In the running to help EIA fight environmental crime!

Today’s guest blog is by two energetic souls tackling the Brighton Marathon 2014 for EIA!

In less than a month, EIA campaigner Jill Thomson and supporter Adam Lee will pound the pavements to raise funds for the important work we do. Both have been working through a tough training schedule and here they tell us how they feel about preparing for the run on Sunday, April 6..

Brighton Marathon runners Adam Lee and Jill Thomson (c) EIA

Brighton Marathon runners Adam Lee and Jill Thomson (c) EIA

First up, Adam talks about stiff legs, his motivations for race day and why he decided to run for EIA.

Hi all at EIA,

I thought I’d update you on my progress with the marathon coming up fast! 

It was really nice to visit the EIA office and meet the team for a good chat and it motivated me to tell my friends about the great work you do. Since I first started reading about what you do I was really impressed and wanted to help out; it’s good to see a small charity making a big difference by combating environmental crime. It’s definitely been a learning experience finding out about undercover investigations; they offer unique insight into that world and how it effects our environment. I hope I can raise a good amount of money for you and help spread the word a bit too!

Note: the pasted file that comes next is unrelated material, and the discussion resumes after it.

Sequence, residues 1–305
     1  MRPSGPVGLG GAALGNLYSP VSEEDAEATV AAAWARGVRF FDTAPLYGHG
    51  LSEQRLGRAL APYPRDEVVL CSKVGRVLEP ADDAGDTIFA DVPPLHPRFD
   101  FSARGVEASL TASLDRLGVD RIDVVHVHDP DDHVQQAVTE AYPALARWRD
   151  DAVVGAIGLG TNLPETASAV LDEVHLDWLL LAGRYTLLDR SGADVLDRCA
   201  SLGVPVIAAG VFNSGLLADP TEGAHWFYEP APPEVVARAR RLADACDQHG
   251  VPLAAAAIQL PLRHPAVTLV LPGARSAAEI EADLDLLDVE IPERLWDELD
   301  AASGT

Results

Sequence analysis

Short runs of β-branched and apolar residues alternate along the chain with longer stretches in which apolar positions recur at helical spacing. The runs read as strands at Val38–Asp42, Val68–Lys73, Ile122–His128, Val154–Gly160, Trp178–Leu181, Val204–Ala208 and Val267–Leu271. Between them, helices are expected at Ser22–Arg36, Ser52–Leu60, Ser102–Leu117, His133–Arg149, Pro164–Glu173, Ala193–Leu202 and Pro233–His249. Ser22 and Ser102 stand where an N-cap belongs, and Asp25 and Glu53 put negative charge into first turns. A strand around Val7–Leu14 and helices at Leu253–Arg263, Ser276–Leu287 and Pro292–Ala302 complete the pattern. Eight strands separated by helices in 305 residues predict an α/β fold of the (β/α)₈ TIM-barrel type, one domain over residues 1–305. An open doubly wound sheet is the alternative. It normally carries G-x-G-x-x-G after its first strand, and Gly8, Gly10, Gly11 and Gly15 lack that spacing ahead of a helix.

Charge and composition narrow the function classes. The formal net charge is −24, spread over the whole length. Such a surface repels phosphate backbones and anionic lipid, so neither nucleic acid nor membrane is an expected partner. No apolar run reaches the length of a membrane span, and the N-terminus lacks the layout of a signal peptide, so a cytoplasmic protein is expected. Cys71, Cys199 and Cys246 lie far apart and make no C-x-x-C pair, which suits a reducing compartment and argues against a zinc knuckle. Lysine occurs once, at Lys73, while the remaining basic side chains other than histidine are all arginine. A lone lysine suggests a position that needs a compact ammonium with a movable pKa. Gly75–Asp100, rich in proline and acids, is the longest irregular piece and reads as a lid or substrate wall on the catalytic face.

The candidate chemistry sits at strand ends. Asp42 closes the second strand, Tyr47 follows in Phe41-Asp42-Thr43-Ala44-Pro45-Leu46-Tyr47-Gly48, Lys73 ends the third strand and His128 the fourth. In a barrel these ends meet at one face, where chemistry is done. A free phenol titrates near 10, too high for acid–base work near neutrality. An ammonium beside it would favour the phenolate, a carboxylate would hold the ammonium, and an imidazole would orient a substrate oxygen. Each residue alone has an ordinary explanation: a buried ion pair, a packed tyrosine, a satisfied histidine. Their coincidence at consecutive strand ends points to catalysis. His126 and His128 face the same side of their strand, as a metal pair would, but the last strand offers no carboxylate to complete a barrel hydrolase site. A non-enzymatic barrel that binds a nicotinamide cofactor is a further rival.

Without wanting to sound too down about my progress, I got ill and haven’t run for two weeks until today! I have started to worry a bit about my ability to run 26 miles since a jog along a train platform reduced me to a bent-over coughing fit and legs that felt like they were on fire. I am, however, starting to feel better and today I got out for a run – and what a run it was!

Since getting ill, the UK has decided to get all warm and sunny, which is lovely for anyone not running 20 miles, but that’s exactly what I did today. Well, I say I ran 20 miles, but actually I ran 17 miles and got the train home, sporting a crusty, salty face and a grimace that kept the other passengers at a good distance. Given the circumstances though, I’m actually feeling pretty positive after the experience; as the nausea wears off I think I did pretty well, considering, and the next week will see me back to full fitness and eating up the miles again.

I’m going to do a half-marathon in Richmond Park next week and that should be a good test of how fast I can run. I’d love to do the Brighton Marathon in under four hours, and some people have said they’ll sponsor me more if I do, as a little motivator! I’ve also been taking the time to read all the EIA stories that are posted on Facebook and the site, because that makes me think it’s definitely worth pushing myself a bit more to bring in the cash!

You can support Adam’s fundraising endeavors on his JustGiving page here. Alternatively, you can sponsor him via text by sending ‘ADAM26 £5’ to 70070 to donate £5.


EIA Global Environment Campaigner Jill shares her personal motivations for tackling the tough 26.2 mile route. Additionally, if she raises over £600, she has pledged to run the marathon dressed as an HFC-23 ‘climate bomb’ – even more incentive for us to help her reach her fundraising goal!